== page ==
Wisconsin’s approach to funding schools relies on a confusing and frequently misunderstood formula under which the state picks up the bulk of costs while capping how much districts can collect in state aid and local property taxes combined.
Districts have complained the caps, which are based largely on the number of students a district has, have not kept pace with expenses. In recent years, the state has reduced its share of aid to schools from two-thirds of total costs to slightly less than that, forcing districts to choose between two unpopular options: Cutting programs and services or raising property taxes.
Wisconsin K-12 spending via redistributed taxes has grown substantially over the past 20+ years, as this WISTAX chart illustrates:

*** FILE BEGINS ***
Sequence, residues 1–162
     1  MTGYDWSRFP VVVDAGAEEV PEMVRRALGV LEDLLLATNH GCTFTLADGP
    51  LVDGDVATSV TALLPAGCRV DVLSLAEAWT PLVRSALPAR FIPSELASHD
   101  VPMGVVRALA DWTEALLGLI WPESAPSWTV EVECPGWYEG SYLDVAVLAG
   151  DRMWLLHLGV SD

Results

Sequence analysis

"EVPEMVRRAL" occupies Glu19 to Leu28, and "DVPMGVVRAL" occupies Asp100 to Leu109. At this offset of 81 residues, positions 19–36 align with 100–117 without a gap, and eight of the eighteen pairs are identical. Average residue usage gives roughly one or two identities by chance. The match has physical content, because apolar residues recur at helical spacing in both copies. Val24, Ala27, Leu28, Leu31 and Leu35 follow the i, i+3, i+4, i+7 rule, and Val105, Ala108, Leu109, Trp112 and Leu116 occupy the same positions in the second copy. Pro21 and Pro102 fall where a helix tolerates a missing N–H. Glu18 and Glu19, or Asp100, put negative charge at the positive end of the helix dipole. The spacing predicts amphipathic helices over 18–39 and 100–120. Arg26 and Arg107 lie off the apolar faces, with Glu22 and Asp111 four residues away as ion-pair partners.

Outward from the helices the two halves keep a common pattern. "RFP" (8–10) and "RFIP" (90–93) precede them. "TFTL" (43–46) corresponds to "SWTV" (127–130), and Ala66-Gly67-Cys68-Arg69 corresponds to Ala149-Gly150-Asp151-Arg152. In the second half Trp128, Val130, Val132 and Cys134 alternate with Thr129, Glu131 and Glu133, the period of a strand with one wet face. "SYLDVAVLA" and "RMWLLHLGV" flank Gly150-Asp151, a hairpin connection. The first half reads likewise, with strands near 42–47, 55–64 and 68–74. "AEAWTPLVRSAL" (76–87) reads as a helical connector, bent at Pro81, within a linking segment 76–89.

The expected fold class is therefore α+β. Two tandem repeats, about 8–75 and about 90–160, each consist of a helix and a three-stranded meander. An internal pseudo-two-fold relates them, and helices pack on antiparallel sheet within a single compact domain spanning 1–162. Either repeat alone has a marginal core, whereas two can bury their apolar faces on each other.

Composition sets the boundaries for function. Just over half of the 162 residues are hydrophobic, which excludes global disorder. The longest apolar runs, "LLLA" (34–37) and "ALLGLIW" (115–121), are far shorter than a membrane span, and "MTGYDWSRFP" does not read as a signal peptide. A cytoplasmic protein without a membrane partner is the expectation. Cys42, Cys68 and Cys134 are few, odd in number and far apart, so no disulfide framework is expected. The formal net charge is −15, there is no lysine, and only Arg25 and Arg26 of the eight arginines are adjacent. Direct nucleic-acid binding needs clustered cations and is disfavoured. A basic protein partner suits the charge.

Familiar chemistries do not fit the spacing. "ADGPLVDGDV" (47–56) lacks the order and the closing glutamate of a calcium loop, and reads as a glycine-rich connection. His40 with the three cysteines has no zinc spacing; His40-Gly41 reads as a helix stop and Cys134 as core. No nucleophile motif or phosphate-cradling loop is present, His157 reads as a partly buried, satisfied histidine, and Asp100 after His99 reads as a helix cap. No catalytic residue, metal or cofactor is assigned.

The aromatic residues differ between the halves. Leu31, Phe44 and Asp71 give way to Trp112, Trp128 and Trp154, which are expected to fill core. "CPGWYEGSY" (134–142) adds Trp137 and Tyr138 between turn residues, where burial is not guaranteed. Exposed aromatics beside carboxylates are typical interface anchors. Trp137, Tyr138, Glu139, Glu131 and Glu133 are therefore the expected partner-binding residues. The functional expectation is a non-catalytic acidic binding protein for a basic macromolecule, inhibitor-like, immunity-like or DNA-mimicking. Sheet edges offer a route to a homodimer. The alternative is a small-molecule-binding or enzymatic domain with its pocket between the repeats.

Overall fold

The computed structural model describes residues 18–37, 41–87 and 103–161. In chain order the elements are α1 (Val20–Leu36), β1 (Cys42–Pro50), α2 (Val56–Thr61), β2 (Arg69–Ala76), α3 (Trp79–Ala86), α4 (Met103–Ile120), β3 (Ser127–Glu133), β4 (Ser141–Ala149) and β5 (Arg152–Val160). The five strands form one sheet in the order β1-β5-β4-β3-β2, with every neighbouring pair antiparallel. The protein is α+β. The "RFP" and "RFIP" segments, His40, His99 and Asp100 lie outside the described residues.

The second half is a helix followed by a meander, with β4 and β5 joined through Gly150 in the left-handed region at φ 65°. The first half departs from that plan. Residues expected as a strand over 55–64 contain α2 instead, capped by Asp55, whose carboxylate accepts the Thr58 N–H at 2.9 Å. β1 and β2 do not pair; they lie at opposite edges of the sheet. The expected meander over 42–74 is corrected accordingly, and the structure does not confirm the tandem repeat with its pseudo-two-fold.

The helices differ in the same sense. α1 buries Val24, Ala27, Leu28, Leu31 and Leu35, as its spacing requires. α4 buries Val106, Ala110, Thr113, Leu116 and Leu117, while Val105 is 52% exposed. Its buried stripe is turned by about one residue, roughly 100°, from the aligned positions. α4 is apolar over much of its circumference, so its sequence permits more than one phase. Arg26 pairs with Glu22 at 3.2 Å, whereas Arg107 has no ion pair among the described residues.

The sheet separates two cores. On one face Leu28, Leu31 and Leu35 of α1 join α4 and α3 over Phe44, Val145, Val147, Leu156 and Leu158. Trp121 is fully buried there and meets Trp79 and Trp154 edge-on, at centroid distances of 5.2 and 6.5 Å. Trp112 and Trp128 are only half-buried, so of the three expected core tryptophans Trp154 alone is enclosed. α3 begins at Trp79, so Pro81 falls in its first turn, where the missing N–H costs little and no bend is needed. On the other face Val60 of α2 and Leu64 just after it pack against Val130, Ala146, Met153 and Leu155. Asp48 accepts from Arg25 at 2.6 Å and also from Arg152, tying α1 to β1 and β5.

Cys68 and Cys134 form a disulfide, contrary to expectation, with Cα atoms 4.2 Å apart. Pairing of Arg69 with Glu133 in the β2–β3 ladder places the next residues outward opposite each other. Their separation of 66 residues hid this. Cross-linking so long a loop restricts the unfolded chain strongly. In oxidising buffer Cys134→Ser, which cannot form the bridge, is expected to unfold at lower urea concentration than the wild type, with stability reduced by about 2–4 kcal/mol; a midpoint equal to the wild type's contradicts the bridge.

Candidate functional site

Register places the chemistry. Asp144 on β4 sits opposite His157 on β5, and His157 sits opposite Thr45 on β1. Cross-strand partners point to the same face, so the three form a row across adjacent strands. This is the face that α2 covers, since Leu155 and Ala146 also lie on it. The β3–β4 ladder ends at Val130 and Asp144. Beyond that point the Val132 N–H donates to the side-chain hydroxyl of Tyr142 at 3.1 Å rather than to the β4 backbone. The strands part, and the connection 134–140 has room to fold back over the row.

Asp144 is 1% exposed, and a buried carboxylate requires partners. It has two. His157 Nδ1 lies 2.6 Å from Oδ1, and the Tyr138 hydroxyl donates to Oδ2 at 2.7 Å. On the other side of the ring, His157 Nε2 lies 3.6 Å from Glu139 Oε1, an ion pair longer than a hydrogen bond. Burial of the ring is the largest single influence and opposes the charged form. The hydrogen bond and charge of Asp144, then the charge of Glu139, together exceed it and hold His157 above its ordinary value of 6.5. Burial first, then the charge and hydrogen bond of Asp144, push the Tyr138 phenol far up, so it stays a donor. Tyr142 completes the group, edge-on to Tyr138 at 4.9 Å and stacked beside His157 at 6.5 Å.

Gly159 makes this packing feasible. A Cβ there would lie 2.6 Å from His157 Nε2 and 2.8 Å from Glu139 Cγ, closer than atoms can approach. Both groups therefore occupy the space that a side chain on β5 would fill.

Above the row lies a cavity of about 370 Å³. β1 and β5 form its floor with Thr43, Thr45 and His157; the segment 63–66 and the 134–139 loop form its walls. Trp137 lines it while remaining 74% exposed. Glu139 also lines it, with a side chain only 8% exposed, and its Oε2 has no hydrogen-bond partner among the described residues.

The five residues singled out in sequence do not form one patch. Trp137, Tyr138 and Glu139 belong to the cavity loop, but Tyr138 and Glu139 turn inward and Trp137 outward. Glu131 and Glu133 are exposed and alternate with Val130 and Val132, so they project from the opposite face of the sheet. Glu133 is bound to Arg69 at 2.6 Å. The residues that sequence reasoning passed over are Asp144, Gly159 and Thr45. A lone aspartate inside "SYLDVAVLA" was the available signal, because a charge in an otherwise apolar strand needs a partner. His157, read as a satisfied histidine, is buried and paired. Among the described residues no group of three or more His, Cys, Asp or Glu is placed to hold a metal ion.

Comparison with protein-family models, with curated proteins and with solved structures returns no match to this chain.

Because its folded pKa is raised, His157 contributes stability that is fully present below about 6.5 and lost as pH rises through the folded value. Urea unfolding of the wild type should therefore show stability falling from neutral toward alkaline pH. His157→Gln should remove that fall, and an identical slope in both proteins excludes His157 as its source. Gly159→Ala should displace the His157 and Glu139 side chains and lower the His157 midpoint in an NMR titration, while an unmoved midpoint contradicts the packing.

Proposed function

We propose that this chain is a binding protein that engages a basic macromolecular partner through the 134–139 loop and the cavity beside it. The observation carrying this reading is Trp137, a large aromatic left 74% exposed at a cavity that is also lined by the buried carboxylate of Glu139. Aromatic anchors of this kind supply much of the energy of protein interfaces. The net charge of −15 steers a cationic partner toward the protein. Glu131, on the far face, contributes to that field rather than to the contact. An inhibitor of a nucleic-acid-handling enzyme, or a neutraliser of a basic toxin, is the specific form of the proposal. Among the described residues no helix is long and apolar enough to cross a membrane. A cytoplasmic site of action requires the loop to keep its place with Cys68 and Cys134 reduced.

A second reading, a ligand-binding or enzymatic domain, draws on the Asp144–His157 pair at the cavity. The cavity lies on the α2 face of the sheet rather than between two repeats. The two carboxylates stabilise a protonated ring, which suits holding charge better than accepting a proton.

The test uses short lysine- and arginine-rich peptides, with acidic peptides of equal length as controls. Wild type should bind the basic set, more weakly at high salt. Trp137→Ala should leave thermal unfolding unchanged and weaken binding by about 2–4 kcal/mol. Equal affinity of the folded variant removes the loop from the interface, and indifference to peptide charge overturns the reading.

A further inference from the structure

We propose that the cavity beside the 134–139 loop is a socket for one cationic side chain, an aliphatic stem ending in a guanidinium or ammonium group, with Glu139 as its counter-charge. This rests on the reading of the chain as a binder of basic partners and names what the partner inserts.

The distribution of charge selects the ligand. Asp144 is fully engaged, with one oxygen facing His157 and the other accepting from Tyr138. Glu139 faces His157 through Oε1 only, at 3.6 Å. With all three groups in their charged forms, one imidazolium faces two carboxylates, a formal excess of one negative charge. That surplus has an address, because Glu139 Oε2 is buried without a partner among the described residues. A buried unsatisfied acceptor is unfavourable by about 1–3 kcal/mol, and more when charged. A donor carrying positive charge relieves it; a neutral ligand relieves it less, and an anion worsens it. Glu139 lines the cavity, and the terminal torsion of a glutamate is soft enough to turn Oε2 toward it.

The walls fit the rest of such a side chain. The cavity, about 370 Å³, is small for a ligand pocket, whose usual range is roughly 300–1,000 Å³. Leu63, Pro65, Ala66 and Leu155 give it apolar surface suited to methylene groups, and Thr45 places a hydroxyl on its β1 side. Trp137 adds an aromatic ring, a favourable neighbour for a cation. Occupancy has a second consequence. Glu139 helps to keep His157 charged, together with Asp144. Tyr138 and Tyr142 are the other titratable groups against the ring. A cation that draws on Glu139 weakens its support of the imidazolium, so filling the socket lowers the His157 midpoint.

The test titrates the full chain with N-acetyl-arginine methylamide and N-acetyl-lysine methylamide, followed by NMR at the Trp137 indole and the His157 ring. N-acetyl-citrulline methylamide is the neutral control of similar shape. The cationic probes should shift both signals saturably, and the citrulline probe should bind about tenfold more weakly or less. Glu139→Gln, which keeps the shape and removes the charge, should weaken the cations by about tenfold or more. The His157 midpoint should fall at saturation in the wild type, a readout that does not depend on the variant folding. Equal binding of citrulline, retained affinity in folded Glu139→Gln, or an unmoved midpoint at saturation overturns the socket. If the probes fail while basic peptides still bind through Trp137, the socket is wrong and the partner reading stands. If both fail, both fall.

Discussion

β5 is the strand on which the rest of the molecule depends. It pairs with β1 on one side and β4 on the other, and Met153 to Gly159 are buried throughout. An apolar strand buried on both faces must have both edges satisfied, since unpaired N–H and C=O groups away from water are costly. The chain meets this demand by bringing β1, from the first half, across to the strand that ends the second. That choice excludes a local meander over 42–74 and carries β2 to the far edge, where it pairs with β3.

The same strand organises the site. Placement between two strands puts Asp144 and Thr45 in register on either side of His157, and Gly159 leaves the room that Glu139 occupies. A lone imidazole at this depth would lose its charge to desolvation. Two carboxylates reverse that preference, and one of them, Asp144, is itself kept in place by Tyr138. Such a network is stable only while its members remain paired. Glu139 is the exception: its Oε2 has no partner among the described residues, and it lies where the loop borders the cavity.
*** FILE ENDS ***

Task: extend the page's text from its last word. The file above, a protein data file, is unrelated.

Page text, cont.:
More here, via a 2007 look at K-12 tax & spending growth:
MMSD is one of the most expensive public school districts in the state (per pupil spending is highest among the largest school districts). It has been for decades. However, the annual rate of increase in per pupil spending has been very close to the Wisconsin average. While per pupil spending for the average Wisconsin public school district has increased at an annual rate of 5.10%, it has increased by an annual rate of 5.25% in MMSD (see table below). That MMSD costs have risen more should be no surprise, because of cost of living, the loss of students to the growing suburbs (subsidized by state taxes), and the relative portion of special education needs and classroom support needs have risen significantly.
The “great recession” has certainly affected many organizations, including public school districts via slower tax collection growth and flat or reduced property values (which further increases taxes, such as the 2010-2011 Madison School District budget, which will raise them by about 10%).